If I do not answer him, he will be made desperate, and think himself justified (though I shall not think him so) in resenting the treatment he complains of: if I do, and if, in compliment to me, he forbears to resent what he thinks himself entitled to resent; be pleased, madam, to consider the obligation he will suppose he lays me under.

If I were as strongly prepossessed in his favour as is supposed, I should not have wished this to be considered by you. And permit me, as a still further proof that I am not prepossessed, to beg of you to consider, whether, upon the whole, the proposal I made, of declaring for the single life (which I will religiously adhere to) is not the best way to get rid of his pretensions with honour. To renounce him, and not be allowed to aver, that I will never be the other man's, will make him conclude (driven as I am driven) that I am determined in that other man's favour.

Honoured Madam,
Your unhappy, but ever dutiful daughter,


Wednesday Morning. İ have just received an answer to the letter. My mother, you will observe, has ordered me to burn it : but, as you will have it in your safe keeping, and nobody else will see it, her end will be equally answered, as if it were burnt. It has neither date nor superscription.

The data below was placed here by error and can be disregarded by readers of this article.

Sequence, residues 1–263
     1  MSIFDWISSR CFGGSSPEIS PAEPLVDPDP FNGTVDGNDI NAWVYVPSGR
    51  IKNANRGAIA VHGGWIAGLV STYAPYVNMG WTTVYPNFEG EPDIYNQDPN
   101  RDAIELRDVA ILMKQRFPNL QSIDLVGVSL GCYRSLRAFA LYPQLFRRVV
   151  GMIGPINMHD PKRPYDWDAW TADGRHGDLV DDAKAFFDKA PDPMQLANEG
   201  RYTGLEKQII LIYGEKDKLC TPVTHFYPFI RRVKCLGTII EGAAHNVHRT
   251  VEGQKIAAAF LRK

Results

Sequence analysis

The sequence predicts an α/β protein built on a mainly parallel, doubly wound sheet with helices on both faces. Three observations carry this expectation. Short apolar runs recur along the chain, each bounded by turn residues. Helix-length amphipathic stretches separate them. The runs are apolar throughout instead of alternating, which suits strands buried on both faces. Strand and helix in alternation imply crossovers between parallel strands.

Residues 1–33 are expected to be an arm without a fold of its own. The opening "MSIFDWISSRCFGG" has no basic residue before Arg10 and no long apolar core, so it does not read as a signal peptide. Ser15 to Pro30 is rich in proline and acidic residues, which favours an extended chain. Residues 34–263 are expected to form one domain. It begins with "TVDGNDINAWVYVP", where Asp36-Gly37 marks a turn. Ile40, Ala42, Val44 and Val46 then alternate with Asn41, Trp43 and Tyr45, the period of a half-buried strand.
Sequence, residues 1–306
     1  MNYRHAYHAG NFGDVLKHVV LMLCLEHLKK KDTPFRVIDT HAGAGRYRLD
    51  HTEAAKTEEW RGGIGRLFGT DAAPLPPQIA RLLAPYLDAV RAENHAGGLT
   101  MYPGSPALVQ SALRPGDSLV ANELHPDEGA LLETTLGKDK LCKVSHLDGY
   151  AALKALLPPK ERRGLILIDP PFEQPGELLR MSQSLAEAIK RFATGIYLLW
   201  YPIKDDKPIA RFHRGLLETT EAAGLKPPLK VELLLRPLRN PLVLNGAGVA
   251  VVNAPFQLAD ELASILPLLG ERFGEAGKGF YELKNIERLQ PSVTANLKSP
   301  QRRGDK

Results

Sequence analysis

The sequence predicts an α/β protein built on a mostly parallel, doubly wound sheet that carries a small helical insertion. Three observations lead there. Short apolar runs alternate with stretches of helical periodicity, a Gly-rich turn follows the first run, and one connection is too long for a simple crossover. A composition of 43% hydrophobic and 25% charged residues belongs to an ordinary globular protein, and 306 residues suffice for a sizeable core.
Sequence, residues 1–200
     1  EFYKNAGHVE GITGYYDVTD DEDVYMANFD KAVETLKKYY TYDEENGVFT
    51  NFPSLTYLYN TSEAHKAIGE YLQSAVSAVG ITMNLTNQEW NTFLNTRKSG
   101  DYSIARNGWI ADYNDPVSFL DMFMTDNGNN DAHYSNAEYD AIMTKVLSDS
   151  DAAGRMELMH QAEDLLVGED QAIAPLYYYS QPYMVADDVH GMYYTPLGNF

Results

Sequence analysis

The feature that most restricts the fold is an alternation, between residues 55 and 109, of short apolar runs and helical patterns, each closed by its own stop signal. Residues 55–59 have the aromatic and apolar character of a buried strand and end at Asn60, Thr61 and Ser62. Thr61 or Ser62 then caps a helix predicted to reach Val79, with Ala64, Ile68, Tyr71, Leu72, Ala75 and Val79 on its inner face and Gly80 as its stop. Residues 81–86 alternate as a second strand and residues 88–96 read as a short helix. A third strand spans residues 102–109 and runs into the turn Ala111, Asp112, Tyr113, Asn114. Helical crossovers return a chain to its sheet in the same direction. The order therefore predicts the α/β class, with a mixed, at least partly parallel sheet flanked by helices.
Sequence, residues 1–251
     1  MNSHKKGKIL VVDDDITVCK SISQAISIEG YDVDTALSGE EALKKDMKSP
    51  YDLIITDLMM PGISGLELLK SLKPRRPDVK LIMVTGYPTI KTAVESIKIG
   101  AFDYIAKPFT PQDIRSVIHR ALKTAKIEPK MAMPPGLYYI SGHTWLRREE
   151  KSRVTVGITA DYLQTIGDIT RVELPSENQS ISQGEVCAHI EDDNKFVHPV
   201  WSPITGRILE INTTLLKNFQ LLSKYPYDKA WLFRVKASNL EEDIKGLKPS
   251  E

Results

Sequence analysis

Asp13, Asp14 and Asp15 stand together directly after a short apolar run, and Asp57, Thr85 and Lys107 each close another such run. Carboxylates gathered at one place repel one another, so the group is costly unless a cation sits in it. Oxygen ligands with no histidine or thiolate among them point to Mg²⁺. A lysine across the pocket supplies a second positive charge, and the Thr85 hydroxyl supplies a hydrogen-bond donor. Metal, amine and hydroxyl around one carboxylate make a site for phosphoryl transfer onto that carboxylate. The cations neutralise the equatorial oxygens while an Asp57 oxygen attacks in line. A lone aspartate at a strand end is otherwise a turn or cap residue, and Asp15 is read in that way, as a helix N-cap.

I don't know what to write, about your answering that man of violence. What can you think of it, that such a family as ours, should have such a rod held over it ?–For my part, I have not owned that I know you have corresponded : as to an answer, take your own methods. But let him know it will be the last you will write. And, if you do write, I won't see it: so seal it up (if you do) and give it to Shorey; and sheyet do not think I give you licence to write.

We will be upon no conditions with him, nor will you be allowed to be upon any. Your father and uncles would have no patience were he to come. What have you to do to oblige him with your refusal of Mr. Solmes ?– Will not that refusal be to give him hope? And while he has any, can we be easy or free from his insults ?